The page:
• New releases by their favorite musicians, according to 68% of 16 to 19-year-olds, helped them get through this difficult period.[2]
  • 73% also said that despite the pandemic’s impact on daily life, individuals may still listen to music when necessary.[2]
  • When COVID-19 hit, 87% of people said that music provided them with the pleasure and fulfilment they were seeking.[2]
  • According to a 2019 estimate by the verge, streaming accounts for 80% of the music industry’s earnings.[2]
  • Spotify is the most popular music streaming service, with over 350 million users and 150 million subscriptions, according to the Business of Apps.[2]
  • 23% of interaction, according to the study, comes from paid music streaming services like Spotify and Apple music.[2]
  • From 2021 to 2031, the employment of musicians and singers is anticipated to increase by 4%, nearly as fast as the national average for all professions.[6]
  • Since 2014, it has expanded at an average pace of 43.9%, becoming the main source of income for the majority of music companies.[7]
  • In 2021, revenue from music streaming applications reached 251 billion, up 32% from the previous year. The U.S. accounted for almost half of all music streaming app revenue.[7]
  • I’d estimate that 80% of the top 100 music labels worldwide have at least one paying customer, and the majority have at least a couple.[8]
  • When questioned about the source of their favorite music ninety-three of South Korean music listeners said they preferred to listen to South Korean music.[9]
  • Preferred method of music acquisition 63.7% of respondents said they preferred streaming, while just 32% opted to buy a printed copy.[9]
  • Warner music group received 15.9% of the money made from physical and streaming music sales worldwide in 2020.[4]
  • Because streaming generates 65% of the music industry’s income, these subscribers have a substantial impact on the worldwide music market.[4]
  • There were 82.1 million paying subscribers to RB at the start of 2021, and hip-hop made for 30.7% of all on demand music streams in the U.S. that year.[4]
  • The recorded music sector in the U.S. and Canada as a whole witnessed a 22% gain, which was much greater than the two nations’ combined 2020 growth rate of 75%.[4]
  • However, independent labels and Spotify, which has a market share of 31%, is the biggest music streaming service.[4]
  • 31.4% of the global income from streaming and physical music purchases was generated by independent record companies in 2020.[4]
  • More precisely, subscription audio streams provide 47.3% of the recorded music industry’s worldwide income, while ad-supported streams bring in 17.7%.[4]
  • 2020 generated 20.6% of the worldwide income from physical and streaming music sales for Sony Music Entertainment.[4]
  • 30% of those who did this used stream ripping, which is the unlawful practice of storing streaming music.[4]
  • The top three record labels in the world together earned 32.1%, 20.6%, and 15.9% of all worldwide streaming and physical music sales income in 2020. Together, they generated 68.6% of this industry’s global revenue.[4]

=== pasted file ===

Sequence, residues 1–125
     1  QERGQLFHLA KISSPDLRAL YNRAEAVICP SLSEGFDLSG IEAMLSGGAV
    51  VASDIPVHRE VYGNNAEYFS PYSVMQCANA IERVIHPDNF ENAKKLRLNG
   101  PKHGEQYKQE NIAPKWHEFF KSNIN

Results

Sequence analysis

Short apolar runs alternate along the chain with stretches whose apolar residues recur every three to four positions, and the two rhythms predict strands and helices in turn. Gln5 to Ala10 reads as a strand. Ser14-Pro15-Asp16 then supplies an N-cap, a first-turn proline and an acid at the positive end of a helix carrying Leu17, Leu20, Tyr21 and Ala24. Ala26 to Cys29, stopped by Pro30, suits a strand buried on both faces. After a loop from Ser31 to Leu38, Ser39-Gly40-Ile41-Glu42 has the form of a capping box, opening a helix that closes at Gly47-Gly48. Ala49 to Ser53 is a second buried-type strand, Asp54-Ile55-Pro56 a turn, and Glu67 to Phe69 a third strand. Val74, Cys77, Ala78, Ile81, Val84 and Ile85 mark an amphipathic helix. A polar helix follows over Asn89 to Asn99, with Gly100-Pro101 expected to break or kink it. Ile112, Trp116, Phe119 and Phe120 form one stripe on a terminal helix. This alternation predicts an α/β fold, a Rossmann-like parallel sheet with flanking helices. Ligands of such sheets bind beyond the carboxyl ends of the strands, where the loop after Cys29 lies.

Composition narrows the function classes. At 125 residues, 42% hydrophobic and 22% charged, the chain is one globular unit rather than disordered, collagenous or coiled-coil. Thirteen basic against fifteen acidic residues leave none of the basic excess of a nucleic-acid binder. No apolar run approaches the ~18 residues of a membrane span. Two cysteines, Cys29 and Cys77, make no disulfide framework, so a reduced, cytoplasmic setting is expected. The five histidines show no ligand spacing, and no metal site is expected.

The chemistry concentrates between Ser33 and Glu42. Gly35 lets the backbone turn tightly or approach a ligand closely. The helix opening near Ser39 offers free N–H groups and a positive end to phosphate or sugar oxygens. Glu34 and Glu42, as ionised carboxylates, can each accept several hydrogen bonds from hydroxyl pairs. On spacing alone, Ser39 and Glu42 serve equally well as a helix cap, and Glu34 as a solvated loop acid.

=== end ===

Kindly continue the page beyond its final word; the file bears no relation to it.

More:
• Because they didn’t work with a record label, artists direct saw their total yearly income increase by 34.1% from 2019 to 2020, and as a result, they owned 51% of the recorded music industry in 2020.[4]
  • The biggest record label in the world, universal music group, earned 32.1% of the total income from retail and streaming music worldwide in 2020.[4]
  • Global recorded music sales drop 84%, per IFPI 2011 report by top international sellers Eminem and Lady Gaga.[5]
  • US-based universal music group, controls 32.41% of EMI music Sony Music Entertainment, a U.S.-based company that controls EMI group’s publishing arm, owns 67.8% of the company.[5]
  • In the united states, there were 17 million stream rippers in 2017. This information comes from the market research company music watch.[2]
  • In 2021, apple music generated $5 billion in sales or 6.4% of the company’s overall services revenue. As of June 20, there were 88 million apple music subscribers.[3]
  • Next is apple music at 15%, although in terms of what it pays its artists, Apple Music outperforms Spotify.[4]
  • However, Tencent music, Amazon music, and Apple music, each of which has 13% of the subscription market, are not far behind at 15%.[4]
  • 8% of the market’s total subscriptions are to YouTube music. With 6% in NetEase, and 2% in Deezer and Yandex each, while various other platforms account for the remaining 10%.[4]

Business Music “Other” Statistics

  • 2011 report Eminem and Lady Gaga are the top international sellers, with global record sales falling 84%.[5]
  • CD sales accounted for around 21% of 2003’s total gross CD income figures.[5]
  • The big four were founded in 2004 by a joint venture between Sony and BMG when the size of the worldwide industry was projected to be $30-40 billion.[5]
  • As first reported on August 5, 2008, Sony Corporation stated in October 2008 that it had finalized the purchase of Bertelsmann’s 50% share in Sony BMG.[5]
  • Spotify gives around 70% to rights holders, who then pay artists under their contracts.[5]
  • In the last ten years, between 15 %and 30% of tunes on streaming sites had no artist information attached to them.[5]